Isolation of viable mononuclear and polymorphonuclear cells from blood serves as the starting point for a wide spectrum of immunology and cell biology studies. Unlike red blood cells and platelets, all white blood cells are nucleated and can be classified by their nuclei structure as mononuclear or polymorphonuclear cells.
Lymphocytes and monocytes are the two main categories of mononuclear white blood cells with one-lobed nuclei in the immune system to defend the body from infection, cancer, and other foreign invaders. In humans, lymphocytes make up most (70–90%) of the peripheral blood mononuclear cell (PBMC) population, followed by monocytes (10–30%), and a small percentage of dendritic cells (1–2%). Distinguished from mononuclear leukocytes, polymorphonuclear leukocytes have the varying shapes of the nucleus, which is usually lobed into three segments. Neutrophils are the most abundant polymorphonuclear leukocytes, and the other types (eosinophils, basophils, and mast cells) have much lower populations.
For many immunological and cell culture workflows, the first step is to specifically isolate leukocytes from the blood. Early methods for isolating leukocytes involved mixing blood with a compound that aggregates the erythrocytes and, to a much lesser extent, the leukocytes. Upon centrifugation, these aggregated erythrocytes precipitate due to their greater density and form a pellet, while the leukocytes remain in solution. However, the recovery of leukocytes using this method can be unsatisfactory. Cells can be trapped by and sedimented with the aggregated erythrocytes, resulting in broad spectrum of damages to the isolated cells.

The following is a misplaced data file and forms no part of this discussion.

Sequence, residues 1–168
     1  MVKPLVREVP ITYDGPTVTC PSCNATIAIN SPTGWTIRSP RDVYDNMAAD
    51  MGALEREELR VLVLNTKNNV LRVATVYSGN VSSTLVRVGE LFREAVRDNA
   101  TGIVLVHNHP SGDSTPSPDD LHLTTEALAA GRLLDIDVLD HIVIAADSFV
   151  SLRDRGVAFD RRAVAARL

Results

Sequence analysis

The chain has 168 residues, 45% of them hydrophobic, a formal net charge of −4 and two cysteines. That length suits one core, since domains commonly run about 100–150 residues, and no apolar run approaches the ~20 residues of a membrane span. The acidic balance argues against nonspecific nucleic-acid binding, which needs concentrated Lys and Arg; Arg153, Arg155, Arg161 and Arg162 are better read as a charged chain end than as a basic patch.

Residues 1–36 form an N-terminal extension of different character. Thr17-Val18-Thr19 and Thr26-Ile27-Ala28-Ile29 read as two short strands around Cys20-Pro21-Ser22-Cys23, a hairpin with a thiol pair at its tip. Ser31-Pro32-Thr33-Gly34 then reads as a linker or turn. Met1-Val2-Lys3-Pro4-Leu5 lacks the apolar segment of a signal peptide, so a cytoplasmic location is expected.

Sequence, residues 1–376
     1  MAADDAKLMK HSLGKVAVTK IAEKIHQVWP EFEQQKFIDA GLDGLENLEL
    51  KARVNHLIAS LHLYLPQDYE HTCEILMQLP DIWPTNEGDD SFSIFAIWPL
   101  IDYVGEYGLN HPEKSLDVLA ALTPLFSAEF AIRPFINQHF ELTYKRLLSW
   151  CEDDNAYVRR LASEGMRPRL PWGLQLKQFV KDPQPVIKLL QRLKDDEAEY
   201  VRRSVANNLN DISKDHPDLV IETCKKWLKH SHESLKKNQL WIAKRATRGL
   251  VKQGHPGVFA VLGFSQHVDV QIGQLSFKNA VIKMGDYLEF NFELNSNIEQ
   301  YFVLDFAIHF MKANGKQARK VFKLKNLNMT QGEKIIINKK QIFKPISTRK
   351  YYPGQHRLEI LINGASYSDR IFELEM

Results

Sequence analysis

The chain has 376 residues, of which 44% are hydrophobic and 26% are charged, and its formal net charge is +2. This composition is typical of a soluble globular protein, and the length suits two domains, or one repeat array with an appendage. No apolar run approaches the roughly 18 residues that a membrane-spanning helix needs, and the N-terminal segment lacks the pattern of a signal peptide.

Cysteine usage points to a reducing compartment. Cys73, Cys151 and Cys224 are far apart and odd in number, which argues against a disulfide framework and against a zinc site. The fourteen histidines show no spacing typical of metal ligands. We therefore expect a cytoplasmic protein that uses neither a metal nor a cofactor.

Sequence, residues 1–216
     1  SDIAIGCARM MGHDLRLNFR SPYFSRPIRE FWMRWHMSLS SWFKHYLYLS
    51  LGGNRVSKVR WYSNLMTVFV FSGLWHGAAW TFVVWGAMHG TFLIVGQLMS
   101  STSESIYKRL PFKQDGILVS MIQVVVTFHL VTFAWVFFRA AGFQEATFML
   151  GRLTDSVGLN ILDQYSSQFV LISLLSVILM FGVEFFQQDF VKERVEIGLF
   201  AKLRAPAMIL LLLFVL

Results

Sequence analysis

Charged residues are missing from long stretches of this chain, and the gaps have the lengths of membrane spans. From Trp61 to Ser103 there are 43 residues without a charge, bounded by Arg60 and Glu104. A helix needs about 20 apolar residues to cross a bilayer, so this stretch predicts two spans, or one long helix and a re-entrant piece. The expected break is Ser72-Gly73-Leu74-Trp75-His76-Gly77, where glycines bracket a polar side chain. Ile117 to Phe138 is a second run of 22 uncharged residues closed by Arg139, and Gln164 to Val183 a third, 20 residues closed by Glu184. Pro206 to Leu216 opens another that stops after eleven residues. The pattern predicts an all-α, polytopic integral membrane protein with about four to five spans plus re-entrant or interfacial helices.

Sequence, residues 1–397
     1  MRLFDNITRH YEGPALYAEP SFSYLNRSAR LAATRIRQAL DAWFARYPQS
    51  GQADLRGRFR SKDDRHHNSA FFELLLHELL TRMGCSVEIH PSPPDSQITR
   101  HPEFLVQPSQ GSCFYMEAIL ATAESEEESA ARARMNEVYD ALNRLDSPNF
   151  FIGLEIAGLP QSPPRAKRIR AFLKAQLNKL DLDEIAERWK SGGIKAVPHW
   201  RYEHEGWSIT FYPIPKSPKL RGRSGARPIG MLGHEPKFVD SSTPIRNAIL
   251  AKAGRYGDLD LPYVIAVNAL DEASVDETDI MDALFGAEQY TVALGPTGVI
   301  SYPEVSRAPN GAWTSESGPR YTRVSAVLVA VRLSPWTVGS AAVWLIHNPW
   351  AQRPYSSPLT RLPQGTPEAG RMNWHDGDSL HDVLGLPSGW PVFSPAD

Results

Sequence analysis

In 1968, Bøyum introduced a more convenient and rapid separation using centrifugation through a Ficoll-sodium metrizoate solution.1 This separation method takes advantage of cell density differences of the components in whole blood that, when centrifuged in the presence of a density gradient media, exhibits a unique migration pattern through the medium allowing distinct cell populations to be fractionated. The whole process is performed at a lower gravitational force field without the introduction of aggregating reagents, thus preserving cell viability.
A pain point for many researchers is how to specifically isolate mononuclear and polymorphonuclear cells from blood with high yield and viability. MP Biomedicals offers three products for the isolation of mononuclear and polymorphonuclear cells from human peripheral blood as well as from bone marrow and umbilical cord blood. These isolation products allow users to obtain a cell fraction that may serve as a starting point for further separation of specific cells using cell sorting or similar techniques.